A Walking Tour of Elizabeth, New Jersey
There is no better way to see America than on foot. And there is no better way to appreciate what you are looking at than with a walking tour. This walking tour of Elizabeth, New Jersey is ready to explore when you are. Each walking tour describes historical, architectural landmarks, cultural sites and ecclesiastic touchstones and provides step-by-step directions. More
There is no better way to see America than on foot. And there is no better way to appreciate what you are looking at than with a walking tour. This walking tour of Elizabeth, New Jersey is ready to explore when you are. Each walking tour describes historical, architectural landmarks, cultural sites and ecclesiastic touchstones and provides step-by-step directions.
Every tour also includes a quick primer on identifying architectural styles seen on American streets.
This was the first permanent English settlement in New Jersey and Governor Sir Philip Carteret made it the first capital of the colony for a brief time. Carteret named his capital in honor of the wife of his cousin, Sir George Carteret. The Proprietors of East Jersey transferred the capital to Perth Amboy in 1686, thinking that village was destined for greater things than Elizabethtown.
The town scarcely had time to notice the slight. With frontage on Newark Bay and State Island Sound, Elizabethtown early on tied its fortunes to the transportation industry. Ships of 30 and 40 tons were sailing up the Elizabeth River as far as Broad Street and soon home-built ships were pursuing whales migrating off the Jersey coast.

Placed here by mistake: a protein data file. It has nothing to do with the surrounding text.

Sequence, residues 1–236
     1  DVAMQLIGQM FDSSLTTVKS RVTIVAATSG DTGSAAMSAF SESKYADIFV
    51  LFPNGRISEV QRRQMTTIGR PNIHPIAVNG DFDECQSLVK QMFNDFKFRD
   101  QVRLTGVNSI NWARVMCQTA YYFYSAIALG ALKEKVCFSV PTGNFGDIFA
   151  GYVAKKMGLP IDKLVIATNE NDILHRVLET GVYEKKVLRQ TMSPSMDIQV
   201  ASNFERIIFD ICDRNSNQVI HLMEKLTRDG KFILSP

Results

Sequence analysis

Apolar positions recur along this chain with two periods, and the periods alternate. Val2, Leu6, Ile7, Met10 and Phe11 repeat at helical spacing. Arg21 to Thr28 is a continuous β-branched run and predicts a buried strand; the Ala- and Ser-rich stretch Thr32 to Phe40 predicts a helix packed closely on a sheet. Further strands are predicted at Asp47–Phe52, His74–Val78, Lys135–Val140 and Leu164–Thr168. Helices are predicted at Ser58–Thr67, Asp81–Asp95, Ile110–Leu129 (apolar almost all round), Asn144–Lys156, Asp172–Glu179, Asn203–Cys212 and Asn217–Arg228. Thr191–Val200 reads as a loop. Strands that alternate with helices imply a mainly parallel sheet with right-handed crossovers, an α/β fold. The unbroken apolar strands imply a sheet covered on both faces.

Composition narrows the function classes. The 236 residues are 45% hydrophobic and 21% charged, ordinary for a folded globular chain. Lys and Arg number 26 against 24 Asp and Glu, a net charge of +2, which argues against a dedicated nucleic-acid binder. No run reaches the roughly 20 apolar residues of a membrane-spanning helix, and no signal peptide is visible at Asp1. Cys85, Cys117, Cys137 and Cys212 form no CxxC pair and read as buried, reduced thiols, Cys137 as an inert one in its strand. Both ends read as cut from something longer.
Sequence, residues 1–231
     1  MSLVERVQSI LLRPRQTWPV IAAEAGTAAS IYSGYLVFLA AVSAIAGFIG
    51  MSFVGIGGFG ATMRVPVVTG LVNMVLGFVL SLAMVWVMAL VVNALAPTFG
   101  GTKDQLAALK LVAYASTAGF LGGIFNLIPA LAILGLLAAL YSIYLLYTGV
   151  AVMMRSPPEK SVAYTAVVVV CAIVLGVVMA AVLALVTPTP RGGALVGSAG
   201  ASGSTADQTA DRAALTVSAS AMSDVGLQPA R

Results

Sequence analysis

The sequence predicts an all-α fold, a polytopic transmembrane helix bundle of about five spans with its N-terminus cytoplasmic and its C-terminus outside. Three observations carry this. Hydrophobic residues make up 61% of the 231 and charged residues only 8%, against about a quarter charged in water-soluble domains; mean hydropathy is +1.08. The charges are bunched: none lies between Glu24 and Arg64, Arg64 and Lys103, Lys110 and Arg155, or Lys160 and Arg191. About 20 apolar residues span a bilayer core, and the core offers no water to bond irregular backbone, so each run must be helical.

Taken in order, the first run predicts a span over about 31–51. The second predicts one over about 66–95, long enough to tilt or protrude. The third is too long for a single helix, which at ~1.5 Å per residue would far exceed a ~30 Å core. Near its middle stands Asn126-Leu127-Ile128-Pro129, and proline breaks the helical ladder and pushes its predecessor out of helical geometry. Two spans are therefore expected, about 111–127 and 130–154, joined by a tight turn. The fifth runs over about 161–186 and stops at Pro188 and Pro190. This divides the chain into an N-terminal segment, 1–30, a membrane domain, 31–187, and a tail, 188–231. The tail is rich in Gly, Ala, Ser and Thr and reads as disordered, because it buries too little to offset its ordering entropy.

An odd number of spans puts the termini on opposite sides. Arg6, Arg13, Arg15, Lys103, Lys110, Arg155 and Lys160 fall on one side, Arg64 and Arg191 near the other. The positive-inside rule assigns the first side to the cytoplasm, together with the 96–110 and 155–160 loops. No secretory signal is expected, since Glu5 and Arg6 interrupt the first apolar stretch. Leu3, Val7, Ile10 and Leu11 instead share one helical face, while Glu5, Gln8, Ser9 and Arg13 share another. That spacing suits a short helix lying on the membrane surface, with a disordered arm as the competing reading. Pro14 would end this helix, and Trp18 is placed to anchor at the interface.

The American Revolution affected Elizabeth more than most New Jersey towns. The British on nearby Staten Island made repeated incursions against area farms and the village itself. But it would be that close proximity to New York City that provided the impetus for Elizabeth’s transformation into an important industrial city. A group of New Yorkers invested in the Elizabeth waterfront in the 1830s and influenced the creation of the Elizabeth and Somerville Railroad that brought the wealth of the state’s interior to its docks.
Manufacturers began to set up shop in Elizabeth, none more important than the I.M. Singer Company. At its busiest, some 10,000 people were employed making sewing machines, a concern that anchored the business community until 1982. New Jersey’s first automobile assembly line would be in Elizabeth. The first submarine was constructed here. And, for that matter, so was the first ice cream soda.
Our exploration of New Jersey’s longest English history will concentrate in the Midtown Historic District and we will start at the town’s most important crossroads...